Opa-locka's Legacy Caribbean Craft Brewery will officially launch its beer tonight, November 2. Beginning at 7 p.m., 305Brews (3535 NE Second Ave., Miami) in midtown will offer two of Legacy's beers. This marks the first time the beers will be poured outside of the brewery or festivals.
Legacy recently signed with Sunny Isles Beach-based Beerstream Distribution Company, and the first two beers slated for distribution are the brewery's Clubhouse Ale and Humble Noble IPA.
Beerstream is the small but growing endeavor of Brett Hubbard, a certified cicerone and former craft and specialty import manager at Gold Coast Beverage. His company distributes to Miami-Dade, Broward, and parts of West Palm Beach Counties.
Future beers for distribution include Gypsy Voodoo, a floral American pale ale; and Mulato, a porter made with Dominican coffee and bitter chocolate.
"We are extremely humbled and happy with being able to join our friends Accomplice Ciderworks, Devour Brewery, Hollywood Brewery, and Koffner Brewery in a journey of truly local flavor and true handmade craft beers," Legacy co-owner and brewer Ismael Fernandez says.
If you like this story, consider signing up for our email newsletters.
SHOW ME HOW
You have successfully signed up for your selected newsletter(s) - please keep an eye on your mailbox, we're movin' in!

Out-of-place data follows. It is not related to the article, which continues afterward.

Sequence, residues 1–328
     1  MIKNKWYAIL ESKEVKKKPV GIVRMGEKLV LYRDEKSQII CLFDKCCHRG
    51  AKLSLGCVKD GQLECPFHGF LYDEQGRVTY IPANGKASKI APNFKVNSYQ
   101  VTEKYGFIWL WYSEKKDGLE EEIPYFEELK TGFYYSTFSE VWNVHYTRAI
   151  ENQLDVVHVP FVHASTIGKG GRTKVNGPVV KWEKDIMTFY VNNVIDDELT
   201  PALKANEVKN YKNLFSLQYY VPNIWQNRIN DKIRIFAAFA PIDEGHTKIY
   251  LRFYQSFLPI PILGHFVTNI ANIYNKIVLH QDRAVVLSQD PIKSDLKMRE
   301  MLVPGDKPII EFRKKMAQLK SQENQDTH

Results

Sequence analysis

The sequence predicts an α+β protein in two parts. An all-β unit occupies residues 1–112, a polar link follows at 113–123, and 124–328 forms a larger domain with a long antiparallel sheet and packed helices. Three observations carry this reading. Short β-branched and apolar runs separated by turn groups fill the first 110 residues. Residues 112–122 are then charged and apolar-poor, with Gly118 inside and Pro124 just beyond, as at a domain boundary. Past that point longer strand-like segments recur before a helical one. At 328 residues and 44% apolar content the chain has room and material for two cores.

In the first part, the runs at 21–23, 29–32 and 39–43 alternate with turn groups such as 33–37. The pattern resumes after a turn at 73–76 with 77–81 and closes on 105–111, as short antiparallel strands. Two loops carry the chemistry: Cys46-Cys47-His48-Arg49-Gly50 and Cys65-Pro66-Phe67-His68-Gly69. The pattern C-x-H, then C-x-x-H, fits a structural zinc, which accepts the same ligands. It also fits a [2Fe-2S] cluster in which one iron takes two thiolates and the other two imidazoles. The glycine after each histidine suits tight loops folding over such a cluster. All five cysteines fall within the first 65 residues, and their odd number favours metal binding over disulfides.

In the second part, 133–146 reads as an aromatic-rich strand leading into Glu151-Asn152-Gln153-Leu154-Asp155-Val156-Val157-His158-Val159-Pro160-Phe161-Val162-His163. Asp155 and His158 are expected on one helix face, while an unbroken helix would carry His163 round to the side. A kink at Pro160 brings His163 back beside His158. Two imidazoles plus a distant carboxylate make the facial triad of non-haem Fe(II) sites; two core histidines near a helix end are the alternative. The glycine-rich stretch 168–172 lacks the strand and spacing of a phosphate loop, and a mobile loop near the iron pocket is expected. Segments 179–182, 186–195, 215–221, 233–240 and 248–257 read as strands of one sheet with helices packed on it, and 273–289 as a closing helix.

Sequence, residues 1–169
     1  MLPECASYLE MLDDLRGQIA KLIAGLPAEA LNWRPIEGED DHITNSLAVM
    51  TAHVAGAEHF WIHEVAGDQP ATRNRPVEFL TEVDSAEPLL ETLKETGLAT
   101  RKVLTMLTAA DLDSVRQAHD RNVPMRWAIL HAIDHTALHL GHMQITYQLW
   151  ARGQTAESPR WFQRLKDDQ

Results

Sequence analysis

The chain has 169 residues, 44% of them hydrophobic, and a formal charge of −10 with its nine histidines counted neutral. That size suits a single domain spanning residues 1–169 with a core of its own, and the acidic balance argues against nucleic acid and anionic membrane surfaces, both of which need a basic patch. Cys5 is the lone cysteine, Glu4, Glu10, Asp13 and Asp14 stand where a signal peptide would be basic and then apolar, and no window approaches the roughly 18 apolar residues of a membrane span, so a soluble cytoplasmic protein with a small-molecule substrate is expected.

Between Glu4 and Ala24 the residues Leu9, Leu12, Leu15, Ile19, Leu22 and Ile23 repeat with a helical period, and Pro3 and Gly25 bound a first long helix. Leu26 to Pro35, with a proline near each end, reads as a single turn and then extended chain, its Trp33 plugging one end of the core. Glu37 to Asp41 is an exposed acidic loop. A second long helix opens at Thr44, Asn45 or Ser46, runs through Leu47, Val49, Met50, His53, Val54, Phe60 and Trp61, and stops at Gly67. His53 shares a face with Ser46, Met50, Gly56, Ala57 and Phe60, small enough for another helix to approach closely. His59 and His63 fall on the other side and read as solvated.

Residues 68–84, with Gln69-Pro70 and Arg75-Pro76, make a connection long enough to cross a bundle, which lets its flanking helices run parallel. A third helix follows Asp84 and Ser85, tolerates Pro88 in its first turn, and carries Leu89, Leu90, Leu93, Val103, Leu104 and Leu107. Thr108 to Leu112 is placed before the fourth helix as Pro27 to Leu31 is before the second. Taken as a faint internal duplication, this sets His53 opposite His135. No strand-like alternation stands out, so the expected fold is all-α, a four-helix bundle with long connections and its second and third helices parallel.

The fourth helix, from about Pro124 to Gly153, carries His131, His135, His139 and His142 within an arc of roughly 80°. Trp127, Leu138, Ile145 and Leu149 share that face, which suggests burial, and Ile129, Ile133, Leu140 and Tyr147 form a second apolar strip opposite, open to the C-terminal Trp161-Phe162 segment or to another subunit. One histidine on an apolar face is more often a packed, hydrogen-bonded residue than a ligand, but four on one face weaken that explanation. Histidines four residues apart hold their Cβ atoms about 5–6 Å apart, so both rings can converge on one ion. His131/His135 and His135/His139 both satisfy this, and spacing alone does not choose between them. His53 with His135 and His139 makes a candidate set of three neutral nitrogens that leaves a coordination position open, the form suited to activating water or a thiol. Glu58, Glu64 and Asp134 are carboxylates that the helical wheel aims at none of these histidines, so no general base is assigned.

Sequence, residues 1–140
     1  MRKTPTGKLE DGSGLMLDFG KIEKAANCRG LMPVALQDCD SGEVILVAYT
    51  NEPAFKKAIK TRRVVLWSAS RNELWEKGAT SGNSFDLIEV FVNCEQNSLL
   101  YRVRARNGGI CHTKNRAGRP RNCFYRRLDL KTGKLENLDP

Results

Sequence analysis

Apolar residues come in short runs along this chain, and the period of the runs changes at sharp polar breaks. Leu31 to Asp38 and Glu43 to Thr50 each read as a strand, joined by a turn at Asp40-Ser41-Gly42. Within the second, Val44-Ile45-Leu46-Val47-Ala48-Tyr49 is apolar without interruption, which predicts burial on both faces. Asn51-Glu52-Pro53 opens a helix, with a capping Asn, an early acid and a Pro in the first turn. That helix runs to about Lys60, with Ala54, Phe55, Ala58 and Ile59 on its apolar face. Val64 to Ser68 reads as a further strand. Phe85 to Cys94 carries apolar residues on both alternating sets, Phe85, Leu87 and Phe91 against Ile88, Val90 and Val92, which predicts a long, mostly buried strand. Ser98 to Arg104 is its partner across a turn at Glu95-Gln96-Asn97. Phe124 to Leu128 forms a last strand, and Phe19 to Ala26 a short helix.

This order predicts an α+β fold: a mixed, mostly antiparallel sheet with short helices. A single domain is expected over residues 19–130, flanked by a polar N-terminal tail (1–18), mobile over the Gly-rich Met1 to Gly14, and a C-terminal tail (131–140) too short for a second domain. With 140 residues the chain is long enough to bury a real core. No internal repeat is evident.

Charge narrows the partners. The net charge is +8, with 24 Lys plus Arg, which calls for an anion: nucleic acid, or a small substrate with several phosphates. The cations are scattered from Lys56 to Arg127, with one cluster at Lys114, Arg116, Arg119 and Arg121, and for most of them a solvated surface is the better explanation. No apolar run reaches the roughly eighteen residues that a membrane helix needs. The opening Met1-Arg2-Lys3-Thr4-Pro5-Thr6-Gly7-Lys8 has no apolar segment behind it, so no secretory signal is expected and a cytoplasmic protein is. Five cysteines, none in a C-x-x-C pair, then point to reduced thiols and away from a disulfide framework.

Legacy, which opened in 2013, recently relocated to 13416 NW 38th Ct. in Opa-Locka. The brewery had previously been dealing with permitting issues with the city, which was under investigation. Former City Manager David Chiverton resigned this past August amid allegations of federal corruption. Chiverton later pleaded guilty to a bribery charge. It turns out he was shaking down local businesses in exchange for permits. He and former city public works supervisor Gregory Harris had turned the public utilities department into an extortion racket, according to the Miami Herald.
But that's all in the past, and Fernandez, his wife Sonya, and his brother Hector look to the future with Legacy. The three plan to open a taproom at the brewery.
Fernandez isn't sure when that change will happen. The city still needs to approve an ordinance that would allow the brewery to be open to customers and serve beer on premises. For now, however, the brewery is open only for special events and tours.
It's a familiar tune for Fernandez, who already has experience dealing with red tape. "Opa-locka doesn't make it easy, but we aren't giving in," he says.